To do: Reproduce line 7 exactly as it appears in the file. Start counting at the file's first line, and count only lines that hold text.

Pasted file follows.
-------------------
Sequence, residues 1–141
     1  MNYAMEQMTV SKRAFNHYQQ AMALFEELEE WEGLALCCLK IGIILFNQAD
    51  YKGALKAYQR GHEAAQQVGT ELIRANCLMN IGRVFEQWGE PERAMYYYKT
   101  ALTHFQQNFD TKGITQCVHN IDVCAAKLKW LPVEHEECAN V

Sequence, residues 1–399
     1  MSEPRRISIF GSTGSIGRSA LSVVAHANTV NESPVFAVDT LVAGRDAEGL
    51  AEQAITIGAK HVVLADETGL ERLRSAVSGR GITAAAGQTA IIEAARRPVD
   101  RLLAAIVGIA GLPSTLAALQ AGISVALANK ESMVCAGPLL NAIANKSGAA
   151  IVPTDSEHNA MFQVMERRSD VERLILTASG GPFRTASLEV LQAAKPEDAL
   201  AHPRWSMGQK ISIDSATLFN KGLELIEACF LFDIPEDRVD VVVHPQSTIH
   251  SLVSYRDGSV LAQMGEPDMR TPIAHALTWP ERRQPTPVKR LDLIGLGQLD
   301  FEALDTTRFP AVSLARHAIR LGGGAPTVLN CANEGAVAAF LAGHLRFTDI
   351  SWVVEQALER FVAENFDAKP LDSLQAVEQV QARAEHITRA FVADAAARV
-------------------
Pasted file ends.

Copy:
    51  AEQAITIGAK HVVLADETGL ERLRSAVSGR GITAAAGQTA IIEAARRPVD